Positively Aware Online News Brief. Current HIV News and events
POSITIVELY AWARE 5/14/2012
At a meeting of the Food and Drug Administration (FDA) Antiviral Drugs Advisory Committee on May 10, analysts presented a largely favorable review recommending that Truvada (tenofovir/emtricitabine) be approved for pre-exposure prophylaxis (PrEP).
Although a favorable Advisory Committee recommendation does not guarantee FDA approval, it carries some weight. Nothing in the FDA summary, presented by Peter Miele, suggested serious reservations about Gilead Sciences' application for a Truvada PrEP indication “for pre-exposure prophylaxis (PrEP) to reduce the risk of sexually acquired HIV-1 infection in adults.”
Gilead proposed that Truvada PrEP efficacy rests on results of two large, placebo-controlled trials—iPrEx in men who have sex with men and Partners PrEP in HIV-discordant (one partner is HIV-positive, the other is not) heterosexual African couples. Both trials randomized HIV-negative participants to Truvada or placebo; Partners PrEP also tested Viread (tenofovir) alone to prevent HIV acquisition by HIV-negative partners.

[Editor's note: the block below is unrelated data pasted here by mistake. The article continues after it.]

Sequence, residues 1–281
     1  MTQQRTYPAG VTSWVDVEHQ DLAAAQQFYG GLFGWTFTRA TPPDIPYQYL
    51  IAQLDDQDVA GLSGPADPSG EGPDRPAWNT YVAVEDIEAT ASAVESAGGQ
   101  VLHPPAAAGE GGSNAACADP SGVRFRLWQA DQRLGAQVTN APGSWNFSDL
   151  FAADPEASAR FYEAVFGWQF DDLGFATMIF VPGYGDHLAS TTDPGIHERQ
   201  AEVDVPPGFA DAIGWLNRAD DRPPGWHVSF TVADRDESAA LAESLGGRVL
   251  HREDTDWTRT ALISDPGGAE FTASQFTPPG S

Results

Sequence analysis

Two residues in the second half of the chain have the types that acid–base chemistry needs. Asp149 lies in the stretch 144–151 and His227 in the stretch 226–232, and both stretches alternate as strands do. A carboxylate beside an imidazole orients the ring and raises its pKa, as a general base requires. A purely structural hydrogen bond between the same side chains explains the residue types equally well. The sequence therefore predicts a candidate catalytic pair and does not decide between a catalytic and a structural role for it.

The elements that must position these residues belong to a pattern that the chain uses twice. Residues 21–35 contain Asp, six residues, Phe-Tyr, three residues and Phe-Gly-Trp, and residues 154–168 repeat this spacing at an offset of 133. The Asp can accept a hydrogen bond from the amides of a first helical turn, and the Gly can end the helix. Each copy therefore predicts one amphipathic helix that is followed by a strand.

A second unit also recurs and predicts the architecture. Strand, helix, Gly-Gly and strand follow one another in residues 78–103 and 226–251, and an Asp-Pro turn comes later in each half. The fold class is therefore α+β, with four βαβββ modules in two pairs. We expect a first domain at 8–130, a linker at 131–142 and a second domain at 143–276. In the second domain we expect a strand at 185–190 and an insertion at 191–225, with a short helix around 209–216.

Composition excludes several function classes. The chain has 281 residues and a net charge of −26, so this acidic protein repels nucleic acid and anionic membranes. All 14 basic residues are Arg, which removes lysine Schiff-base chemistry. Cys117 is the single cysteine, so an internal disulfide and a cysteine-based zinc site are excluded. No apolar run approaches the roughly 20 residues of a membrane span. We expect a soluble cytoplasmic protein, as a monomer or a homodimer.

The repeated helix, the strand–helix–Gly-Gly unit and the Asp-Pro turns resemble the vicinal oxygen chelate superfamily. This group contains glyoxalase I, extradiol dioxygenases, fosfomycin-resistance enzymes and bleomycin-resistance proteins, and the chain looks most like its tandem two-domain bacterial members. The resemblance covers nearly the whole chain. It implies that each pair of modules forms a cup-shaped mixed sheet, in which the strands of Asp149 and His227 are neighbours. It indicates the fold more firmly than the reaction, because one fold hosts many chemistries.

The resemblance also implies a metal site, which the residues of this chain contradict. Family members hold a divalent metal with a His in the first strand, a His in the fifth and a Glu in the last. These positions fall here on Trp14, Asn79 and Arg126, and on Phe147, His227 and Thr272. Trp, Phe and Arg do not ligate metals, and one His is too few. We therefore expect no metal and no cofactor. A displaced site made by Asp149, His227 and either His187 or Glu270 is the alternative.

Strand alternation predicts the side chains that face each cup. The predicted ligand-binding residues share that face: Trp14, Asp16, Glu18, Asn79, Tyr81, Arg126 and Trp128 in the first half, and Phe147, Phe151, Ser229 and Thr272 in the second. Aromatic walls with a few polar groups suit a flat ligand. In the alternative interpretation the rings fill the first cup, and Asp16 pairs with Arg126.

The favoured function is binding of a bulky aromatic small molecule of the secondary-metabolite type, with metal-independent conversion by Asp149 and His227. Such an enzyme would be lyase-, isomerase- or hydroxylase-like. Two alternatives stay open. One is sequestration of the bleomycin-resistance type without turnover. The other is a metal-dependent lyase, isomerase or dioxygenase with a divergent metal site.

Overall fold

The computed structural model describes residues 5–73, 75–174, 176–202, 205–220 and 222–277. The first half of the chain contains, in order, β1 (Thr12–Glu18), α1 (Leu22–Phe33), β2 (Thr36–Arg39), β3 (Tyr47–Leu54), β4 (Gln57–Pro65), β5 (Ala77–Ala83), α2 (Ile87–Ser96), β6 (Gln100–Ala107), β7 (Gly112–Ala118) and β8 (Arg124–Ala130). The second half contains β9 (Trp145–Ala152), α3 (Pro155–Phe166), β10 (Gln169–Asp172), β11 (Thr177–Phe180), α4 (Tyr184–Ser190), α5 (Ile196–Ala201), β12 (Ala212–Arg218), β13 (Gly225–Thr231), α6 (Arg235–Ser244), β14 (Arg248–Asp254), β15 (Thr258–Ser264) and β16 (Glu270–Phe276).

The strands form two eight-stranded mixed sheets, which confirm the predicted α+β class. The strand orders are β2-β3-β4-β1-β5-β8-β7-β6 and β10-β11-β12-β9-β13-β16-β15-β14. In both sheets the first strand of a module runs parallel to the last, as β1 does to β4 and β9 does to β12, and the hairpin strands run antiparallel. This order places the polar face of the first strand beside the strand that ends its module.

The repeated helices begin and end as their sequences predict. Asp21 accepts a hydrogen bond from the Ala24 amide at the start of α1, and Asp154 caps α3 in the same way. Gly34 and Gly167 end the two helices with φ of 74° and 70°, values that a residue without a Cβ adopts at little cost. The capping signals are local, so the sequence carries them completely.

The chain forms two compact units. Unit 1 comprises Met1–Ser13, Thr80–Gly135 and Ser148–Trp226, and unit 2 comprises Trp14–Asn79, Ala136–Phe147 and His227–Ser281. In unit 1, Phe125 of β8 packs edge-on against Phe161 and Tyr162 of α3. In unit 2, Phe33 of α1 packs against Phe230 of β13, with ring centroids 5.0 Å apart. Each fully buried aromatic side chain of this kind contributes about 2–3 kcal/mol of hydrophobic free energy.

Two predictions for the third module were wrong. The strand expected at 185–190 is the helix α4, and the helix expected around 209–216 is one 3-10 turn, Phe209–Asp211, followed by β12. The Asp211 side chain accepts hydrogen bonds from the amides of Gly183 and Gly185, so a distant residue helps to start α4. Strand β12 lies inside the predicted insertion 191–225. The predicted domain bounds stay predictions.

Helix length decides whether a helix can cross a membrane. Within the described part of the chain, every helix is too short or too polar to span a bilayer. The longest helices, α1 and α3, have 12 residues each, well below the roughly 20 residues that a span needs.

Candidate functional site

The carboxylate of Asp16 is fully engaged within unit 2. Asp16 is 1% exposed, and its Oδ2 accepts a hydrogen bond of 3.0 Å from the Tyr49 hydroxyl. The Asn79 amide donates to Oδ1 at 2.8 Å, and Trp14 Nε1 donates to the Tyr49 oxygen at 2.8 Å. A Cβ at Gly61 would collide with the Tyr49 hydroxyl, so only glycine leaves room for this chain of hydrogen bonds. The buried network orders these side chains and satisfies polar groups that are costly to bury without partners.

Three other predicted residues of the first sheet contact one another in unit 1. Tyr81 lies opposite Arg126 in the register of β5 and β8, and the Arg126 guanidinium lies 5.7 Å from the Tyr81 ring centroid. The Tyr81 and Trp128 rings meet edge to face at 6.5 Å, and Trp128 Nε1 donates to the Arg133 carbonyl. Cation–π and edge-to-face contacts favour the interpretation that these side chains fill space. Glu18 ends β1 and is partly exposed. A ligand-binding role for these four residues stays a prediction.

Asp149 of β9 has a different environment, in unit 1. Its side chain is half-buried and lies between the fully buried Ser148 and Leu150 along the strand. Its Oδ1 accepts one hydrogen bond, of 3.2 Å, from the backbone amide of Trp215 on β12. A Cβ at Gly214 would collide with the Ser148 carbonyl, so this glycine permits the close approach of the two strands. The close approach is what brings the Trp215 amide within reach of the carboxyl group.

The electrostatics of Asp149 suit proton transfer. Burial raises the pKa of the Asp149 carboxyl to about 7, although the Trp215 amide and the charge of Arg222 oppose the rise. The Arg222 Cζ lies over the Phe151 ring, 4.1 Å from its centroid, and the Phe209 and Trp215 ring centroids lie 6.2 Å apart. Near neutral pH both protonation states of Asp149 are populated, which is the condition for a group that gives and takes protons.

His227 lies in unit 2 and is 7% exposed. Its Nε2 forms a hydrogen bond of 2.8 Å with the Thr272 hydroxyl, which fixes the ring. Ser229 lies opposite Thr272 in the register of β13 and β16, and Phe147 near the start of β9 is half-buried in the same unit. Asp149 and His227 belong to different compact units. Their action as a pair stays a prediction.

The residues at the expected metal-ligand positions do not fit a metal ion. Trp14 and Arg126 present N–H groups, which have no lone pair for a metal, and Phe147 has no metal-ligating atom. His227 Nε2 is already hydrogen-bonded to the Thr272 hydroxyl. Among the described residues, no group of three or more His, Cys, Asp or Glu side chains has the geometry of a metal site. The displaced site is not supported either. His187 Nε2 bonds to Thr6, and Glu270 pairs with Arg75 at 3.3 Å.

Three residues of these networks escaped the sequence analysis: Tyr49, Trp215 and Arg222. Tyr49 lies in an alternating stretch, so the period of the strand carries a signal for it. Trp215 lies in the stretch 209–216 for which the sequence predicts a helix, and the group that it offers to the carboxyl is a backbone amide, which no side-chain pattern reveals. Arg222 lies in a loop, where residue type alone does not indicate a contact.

In their primary analyses, iPrEx documented a 42% lower HIV acquisition risk with Truvada, while Partners PrEP found a 75% lower risk with Truvada and a 67% lower risk with tenofovir alone.
Partners PrEP and iPrEx participants who were given Truvada had higher rates of certain kidney and bone toxicity markers than did people taking placebo, but overall Truvada did not appear to pose a short-term risk of kidney damage or fractures.
On the basis of these findings, the Advisory Committee concluded that "safety and efficacy of [Truvada] for the prevention of HIV-1 infection in high-risk individuals is supported by two large clinical trials."
The committee advised that “regular HIV testing, adherence, and behavioral counseling on safer sex practices, including condom use, are essential components of healthcare delivery around PrEP.”